Brie Larson in Marvel Studios' "Captain Marvel."

Brie Larson in Marvel Studios’ “Captain Marvel.”

Chuck Zlotnick
/©Marvel Studios 2019

When writer Kelly Sue DeConnick took on the Marvel Comics character Carol Danvers in 2012, she says she never imagined how the character would change her life.

This weekend, the Marvel Cinematic Universe expands to include its first woman-led feature film, about a hero drawn heavily from DeConnick’s depiction of a brash Air Force pilot who becomes Earth’s mightiest hero. DeConnick and family went to the red carpet premiere.

“It was great,” she said, during an interview at her home in Portland. “It was surreal, you know? Getty photographers and celebrities. And that is not my life. My life is sitting in my office in my pajamas for much longer than I should be.”

DeConnick’s storied three-year run brought Carol Danvers to the forefront as a bold, sometimes arrogant hero, in the mold of flying ace Chuck Yeager, with human frailties in balance: a headstrong personality and battles with alcoholism. DeConnick’s Captain Marvel set the template for how the Marvel Cinematic Universe would imagine its first female lead.

DeConnick, who’s written storylines for characters in the Spiderverse and the Avengers, is also known for her critically acclaimed supernatural western, “Pretty Deadly” and the futuristic black comedy “Bitch Planet,” set on a prison colony for non-compliant women. She has a fantastic grasp of dialogue, and a strong intuitive compass for myth-making narrative.

“That’s the thing about her. Her reach always exceeds her grasp. She makes mistakes. And she never lets that destroy her.”
Writer Kelly Sue DeConnick on Captain Marvel, whose Marvel Comics series was transformed by DeConnick's work during a celebrated three year run. A film adaptation informed by DeConnick's work opens this weekend.

“That’s the thing about her. Her reach always exceeds her grasp. She makes mistakes. And she never lets that destroy her.” Writer Kelly Sue DeConnick on Captain Marvel, whose Marvel Comics series was transformed by DeConnick’s work during a celebrated three year run. A film adaptation informed by DeConnick’s work opens this weekend.

April Baer/OPB

For Captain Marvel, she made deliberate language choices that telegraphed female heroism full of strength, but also vulnerability. One passage from Volume 1 reads:

“Have you ever seen a little girl run so fast she falls down? There’s an instant, a fraction of a second before the world catches hold of her again. A moment when she’s out run every doubt and fear she’s ever had about herself and she flies. In that one moment every little girl flies. I need to find that again, like taking the car out into the desert to see how fast it can go. I need to find the edge of me. And maybe, if I fly far enough, I’ll be able to turn around and look at the world… And see where I belong.”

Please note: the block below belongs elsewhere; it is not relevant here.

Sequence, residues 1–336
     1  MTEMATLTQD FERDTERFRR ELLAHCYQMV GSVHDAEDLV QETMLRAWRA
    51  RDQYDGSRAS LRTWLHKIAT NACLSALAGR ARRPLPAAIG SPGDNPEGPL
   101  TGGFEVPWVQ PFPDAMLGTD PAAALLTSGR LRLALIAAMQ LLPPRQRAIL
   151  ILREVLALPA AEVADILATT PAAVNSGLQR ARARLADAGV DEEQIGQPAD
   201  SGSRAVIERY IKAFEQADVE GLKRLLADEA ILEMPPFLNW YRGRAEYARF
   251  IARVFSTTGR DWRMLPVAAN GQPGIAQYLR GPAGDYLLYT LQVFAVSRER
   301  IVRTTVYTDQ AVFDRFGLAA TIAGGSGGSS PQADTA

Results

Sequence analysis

“There is a moment,” DeConnick says, “at the end of the film when [Carol] turns around and looks at the world. I thought, ‘Oh look, there it is.’”

DeConnick herself has become an object of hero worship to legions of fans (search the #CarolCorps on Twitter). She surmises the people drawn to Carol Danvers are the people who are always trying to do better.

She’s not losing sleep over trolls who’ve piled on to DeConnick and “Captain Marvel” star Brie Larsen.

“I am right now the subject of a lot of chatter. I am the worst thing that has ever happened to comics and also the savior of comics — it’s a bit between the two.”

Marvel Studios' CAPTAIN MARVEL..Captain Marvel (Brie Larson)

Marvel Studios’ CAPTAIN MARVEL..Captain Marvel (Brie Larson)

Film Frame/©Marvel Studios 2019

She pushes back on any notion that what artists do is something magical.

“We have a job. Our job is important — I won’t stand for people saying it’s not important. But it’s no more important than anything else,” she said.

She calls her own fiction a search for capital truths. The more specific the story, she says, the more universal it can be.

These days, DeConnick is busy writing “Aquaman” for DC Comics (a character in whom she says she finds a beautiful vulnerability), and is at work on forthcoming arcs of “Pretty Deadly” and “Bitch Planet,”  as well as “Parisian White” with Bill Sienkiewicz. The company she founded with husband Matt Fraction, Milkfed Criminal Masterminds, is developing several scripts for Legendary Television.

“I had this notion that I was not going to have to be as disciplined as I am in comics. And that has turned out to not be the case at all.”

But she’s taking time to host a sold out Rose City Comicon/Books With Pictures screening of “Captain Marvel” this Saturday.

Get tickets for the screening here.